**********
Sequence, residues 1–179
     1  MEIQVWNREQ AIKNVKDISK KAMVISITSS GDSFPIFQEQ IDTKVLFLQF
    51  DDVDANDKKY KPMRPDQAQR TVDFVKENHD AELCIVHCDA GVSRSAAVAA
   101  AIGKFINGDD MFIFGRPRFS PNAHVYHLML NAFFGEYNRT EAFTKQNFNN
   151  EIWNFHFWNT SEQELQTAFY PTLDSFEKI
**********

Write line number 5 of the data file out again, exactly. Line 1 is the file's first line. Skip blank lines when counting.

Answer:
   151  EIWNFHFWNT SEQELQTAFY PTLDSFEKI